We arrive and several relatives are standing on the porch. I am sorry to say I don't even remember what they looked like. I was focused on backboard, AED, oxygen, getting stretcher into house. Patient. CPR had been in progress for some time and it was obvious that it was too late. His tiny beeswax-yellow legs peeked out of a plaid blanket. Some well meaning friend was doing chest compressions on the bed, which meant nothing was really happening. (You need to be on a HARD surface or don't bother.) Just the same, we worked on him, worked on him all the way to the hospital. I came off the back step bagging him the whole way just like on TV. And as soon as we got to the curtain area the doctor looked at him and said 'Stop'. Such an odd feeling; even though I knew what the outcome would be I were surprised to realize that I harbored some tiny expectation that our efforts might be doing something. I felt like a dog running across the yard on a run that suddenly comes to the end of the line and stops short.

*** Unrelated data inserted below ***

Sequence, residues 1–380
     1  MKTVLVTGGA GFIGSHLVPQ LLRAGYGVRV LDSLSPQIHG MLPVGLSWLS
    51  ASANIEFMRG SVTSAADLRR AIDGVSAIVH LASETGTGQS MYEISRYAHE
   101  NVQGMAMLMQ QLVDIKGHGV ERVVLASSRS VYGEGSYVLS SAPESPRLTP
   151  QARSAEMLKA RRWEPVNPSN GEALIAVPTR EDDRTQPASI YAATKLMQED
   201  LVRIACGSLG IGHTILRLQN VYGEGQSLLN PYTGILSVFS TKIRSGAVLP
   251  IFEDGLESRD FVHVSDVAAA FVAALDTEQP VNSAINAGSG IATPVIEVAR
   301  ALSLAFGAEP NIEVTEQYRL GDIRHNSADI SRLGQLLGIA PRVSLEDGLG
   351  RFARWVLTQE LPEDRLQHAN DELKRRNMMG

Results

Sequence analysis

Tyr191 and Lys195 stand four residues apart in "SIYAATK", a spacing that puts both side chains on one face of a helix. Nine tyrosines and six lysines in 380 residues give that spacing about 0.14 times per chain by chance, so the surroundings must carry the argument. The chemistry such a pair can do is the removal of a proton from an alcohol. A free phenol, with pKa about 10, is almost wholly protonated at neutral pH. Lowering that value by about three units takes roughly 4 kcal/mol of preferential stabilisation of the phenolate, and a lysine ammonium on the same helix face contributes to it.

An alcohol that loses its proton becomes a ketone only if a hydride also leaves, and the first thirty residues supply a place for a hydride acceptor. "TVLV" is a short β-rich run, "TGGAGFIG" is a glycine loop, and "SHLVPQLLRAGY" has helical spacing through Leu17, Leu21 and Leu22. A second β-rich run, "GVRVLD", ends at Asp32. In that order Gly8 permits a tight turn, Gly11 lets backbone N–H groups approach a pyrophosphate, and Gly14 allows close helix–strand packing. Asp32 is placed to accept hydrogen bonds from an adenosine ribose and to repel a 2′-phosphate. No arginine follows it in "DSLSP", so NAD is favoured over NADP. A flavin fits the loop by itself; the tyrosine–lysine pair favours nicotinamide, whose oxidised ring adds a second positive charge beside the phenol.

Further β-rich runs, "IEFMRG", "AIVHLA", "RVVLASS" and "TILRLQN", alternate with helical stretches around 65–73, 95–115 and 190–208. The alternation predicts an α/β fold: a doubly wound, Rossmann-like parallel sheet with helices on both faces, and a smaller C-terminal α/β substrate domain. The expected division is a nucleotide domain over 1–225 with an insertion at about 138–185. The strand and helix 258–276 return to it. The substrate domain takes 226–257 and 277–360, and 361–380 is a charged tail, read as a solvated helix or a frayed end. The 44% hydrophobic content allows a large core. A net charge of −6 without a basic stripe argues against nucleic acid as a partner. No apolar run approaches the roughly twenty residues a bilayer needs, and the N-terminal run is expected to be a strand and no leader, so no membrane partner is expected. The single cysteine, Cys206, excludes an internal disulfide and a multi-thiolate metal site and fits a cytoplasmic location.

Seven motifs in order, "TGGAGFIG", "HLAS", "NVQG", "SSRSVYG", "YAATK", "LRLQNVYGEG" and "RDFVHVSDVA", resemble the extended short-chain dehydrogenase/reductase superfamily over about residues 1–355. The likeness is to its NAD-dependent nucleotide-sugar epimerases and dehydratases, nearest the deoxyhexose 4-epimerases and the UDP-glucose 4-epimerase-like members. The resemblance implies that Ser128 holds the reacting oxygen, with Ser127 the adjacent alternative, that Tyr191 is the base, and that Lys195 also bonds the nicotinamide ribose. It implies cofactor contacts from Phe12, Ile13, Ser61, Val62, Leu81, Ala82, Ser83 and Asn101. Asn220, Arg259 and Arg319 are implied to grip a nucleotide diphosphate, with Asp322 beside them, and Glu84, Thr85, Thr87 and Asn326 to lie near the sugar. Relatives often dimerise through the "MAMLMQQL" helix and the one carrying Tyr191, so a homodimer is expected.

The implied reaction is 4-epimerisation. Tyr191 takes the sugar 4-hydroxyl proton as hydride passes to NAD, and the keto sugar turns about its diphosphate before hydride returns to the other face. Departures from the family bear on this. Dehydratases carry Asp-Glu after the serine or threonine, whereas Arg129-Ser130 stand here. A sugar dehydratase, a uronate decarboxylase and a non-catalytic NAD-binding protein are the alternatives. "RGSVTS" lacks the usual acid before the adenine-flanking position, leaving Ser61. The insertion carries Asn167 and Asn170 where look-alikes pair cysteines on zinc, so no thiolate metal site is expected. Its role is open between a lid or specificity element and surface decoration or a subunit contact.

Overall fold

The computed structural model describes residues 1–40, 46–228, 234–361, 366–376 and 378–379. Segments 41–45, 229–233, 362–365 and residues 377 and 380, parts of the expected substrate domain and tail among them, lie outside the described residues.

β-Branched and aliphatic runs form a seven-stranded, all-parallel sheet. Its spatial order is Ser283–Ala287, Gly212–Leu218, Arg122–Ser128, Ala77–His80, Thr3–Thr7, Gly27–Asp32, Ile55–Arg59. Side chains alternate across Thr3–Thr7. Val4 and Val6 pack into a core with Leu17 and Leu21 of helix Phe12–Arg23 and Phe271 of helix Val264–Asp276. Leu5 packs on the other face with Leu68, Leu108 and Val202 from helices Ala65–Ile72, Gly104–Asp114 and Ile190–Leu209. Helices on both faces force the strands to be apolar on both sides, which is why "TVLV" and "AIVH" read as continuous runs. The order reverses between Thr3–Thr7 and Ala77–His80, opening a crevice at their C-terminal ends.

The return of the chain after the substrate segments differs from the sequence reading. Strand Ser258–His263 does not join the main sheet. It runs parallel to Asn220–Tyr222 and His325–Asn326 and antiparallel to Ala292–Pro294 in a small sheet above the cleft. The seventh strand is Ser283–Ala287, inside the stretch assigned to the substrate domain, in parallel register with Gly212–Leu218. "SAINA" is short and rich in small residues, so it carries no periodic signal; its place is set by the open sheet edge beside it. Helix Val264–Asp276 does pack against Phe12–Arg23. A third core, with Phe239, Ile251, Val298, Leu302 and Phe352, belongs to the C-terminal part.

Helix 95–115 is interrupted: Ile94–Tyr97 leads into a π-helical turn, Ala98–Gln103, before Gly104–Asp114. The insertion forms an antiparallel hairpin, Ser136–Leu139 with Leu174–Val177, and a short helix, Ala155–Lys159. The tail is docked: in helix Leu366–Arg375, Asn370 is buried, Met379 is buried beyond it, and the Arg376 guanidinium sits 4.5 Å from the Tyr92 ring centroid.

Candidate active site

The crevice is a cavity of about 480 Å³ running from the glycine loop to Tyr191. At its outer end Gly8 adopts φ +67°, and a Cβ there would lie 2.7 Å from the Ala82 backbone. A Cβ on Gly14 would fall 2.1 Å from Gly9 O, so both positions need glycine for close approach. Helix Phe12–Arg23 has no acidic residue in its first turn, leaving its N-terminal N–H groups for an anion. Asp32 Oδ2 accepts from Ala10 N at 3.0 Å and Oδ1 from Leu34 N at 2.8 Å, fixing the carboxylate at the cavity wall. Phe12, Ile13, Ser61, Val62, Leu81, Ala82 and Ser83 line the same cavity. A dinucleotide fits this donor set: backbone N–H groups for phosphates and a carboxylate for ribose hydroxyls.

They got all the wires and tubes out and covered him up to the neck in a soft white blanket. I was still bringing in equipment when the nurse herded the kids and grandkids together and told them it was over. I crept away; I remember the EMTs in my own life; once the crisis was over I didn't want to see them again.
So that was the first one. There will be more.
Thanks to all sorts of laws that force us to hand every patient many pages of tiny print concerning their rights--no details on where I am or what-have-you. Its a small town. Word gets around.
Most people around here joined emergency services at 16 after growing up sitting on the bumper of a firetruck with their feet not touching the ground. I started at 36. I don't know why.
Its not my dayjob; that is something I should be doing right this minute instead of blogging. I do it for free. But you can't talk about a call with anyone other than the people on the call. First rule of Fight Club; that sort of thing. So where to talk about it? Here, of course.
Anyone else who would like to jump in and share their own experiences is welcome to do so.